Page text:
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Correction of Erroneous Assessments

The assessor of property must certify in writing a corrected or revised assessment to the trustee, or city tax collector in the case of city taxes, whenever the assessor discovers, or it has been called to the assessor's attention, that there has been an error or omission in the listing, description, classification or assessed value of property or any other error or omission in the tax rolls held by the trustee or city tax collector.1The assessor must certify to the trustee or city tax collector the facts and the reasons for the change in the assessment, and the tax must be collected upon the revised assessment.2The State Board of Equalization may request a copy of the assessor's certification.3If the tax computed on an erroneous basis of valuation or assessment has been paid prior to the assessor's certification of the corrected assessment, the trustee or city tax collector must, within 60 days after receipt of the certification from the assessor, refund to the taxpayer that portion of such tax paid which resulted from the erroneous assessment. The refund is to be made without the necessity of payment under protest or such other requirements as usually pertain to refunds of taxes unjustly or illegally collected.4

Correction of assessments must be requested by the taxpayer, or initiated by the assessor, prior to March 1, no more than the second year following the tax year for which the correction is to be made.5For example, correction of an erroneous assessment for the 2010 tax year would have to be initiated before March 1 of 2012. If additional taxes are due as a result of the corrected assessment, they are not delinquent until 60 days after the date notice of the corrected assessment is sent to the taxpayer. Once a suit has been filed to collect delinquent taxes pursuant to T.C.A. § 67-5-2405, the assessment and levy are deemed valid and are not subject to correction.6If the assessor does not correct an error in an assessment within 30 days after the request, or if the correction results in an increase in an assessment, the aggrieved taxpayer may appeal directly to the State Board of Equalization;7alternatively, the taxpayer may go through the regular process by appealing to the county board of equalization.8A defect in assessment, levy, or tax procedure will not affect the validity of a decision unless it results in a denial of minimum constitutional guarantees.9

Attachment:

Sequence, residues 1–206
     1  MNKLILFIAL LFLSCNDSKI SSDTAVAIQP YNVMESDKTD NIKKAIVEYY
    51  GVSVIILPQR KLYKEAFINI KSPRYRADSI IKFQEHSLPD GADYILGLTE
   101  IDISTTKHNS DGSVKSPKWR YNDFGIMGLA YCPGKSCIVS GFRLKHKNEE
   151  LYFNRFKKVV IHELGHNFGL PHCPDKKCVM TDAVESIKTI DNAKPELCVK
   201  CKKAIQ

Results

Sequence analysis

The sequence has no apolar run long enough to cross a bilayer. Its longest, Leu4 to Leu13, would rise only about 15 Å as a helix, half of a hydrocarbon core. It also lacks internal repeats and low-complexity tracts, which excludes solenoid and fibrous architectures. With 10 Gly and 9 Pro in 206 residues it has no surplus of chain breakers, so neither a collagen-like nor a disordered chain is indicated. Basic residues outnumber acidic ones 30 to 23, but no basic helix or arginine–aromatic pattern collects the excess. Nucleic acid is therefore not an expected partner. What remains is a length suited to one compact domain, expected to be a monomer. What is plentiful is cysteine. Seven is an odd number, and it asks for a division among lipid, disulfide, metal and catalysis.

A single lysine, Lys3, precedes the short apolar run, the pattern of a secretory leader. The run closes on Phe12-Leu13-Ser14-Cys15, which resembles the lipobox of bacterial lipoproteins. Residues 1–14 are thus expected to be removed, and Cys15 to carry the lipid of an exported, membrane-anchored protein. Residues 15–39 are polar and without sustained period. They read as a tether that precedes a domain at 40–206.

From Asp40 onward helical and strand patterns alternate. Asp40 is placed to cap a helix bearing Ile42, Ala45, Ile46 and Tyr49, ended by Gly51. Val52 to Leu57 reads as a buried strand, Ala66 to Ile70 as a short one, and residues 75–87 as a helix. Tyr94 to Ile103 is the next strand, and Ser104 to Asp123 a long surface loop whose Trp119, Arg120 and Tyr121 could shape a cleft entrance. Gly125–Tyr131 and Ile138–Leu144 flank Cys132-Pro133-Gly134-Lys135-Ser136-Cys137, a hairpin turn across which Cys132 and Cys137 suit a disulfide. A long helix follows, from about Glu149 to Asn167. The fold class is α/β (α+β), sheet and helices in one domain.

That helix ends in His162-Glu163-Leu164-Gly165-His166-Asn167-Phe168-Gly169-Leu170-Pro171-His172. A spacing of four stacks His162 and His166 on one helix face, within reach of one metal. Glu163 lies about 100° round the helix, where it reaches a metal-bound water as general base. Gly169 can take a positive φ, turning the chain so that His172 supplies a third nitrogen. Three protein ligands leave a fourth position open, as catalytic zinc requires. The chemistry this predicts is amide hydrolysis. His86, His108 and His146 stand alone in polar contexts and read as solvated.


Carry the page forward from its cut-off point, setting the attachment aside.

It is important to note that the only errors or omissions which may be corrected under this provision are those involving obvious clerical mistakes, ascertainable from the face of the official tax and assessment records and involving no judgment or discretion by the assessor.  Examples of correctable mistakes include the name or address of an owner, the location or physical description of the property, misplacement of a decimal point or mathematical miscalculation, errors of classification, and duplicate assessments. Matters of opinion by the assessor and clerical mistakes in tax reports or schedules filed by a taxpayer are not correctable under this procedure.10

     1T.C.A. § 67-5-509(c)(1).

     2T.C.A. § 67-5-509(c)(2).

     3T.C.A. § 67-5-509(c)(3).

     4T.C.A. § 67-5-509(a). 

     5T.C.A. § 67-5-509(d).

     6T.C.A. § 67-5-509(d).

     7T.C.A. § 67-5-509(e).

     8Op. Tenn. Atty. Gen. 96-077 (April 24, 1996).

     9State v. Delinquent Taxpayers, 785 S.W.2d 819 (Tenn.Ct.App. 1989); T.C.A. § 67-5-509(b).

     10T.C.A. § 67-5-509(f).  For prior law, see Op. Tenn. Atty. Gen. 76-07 (June 25, 1976) and Op. Tenn. Atty. Gen. 87-90 (May 14, 1987).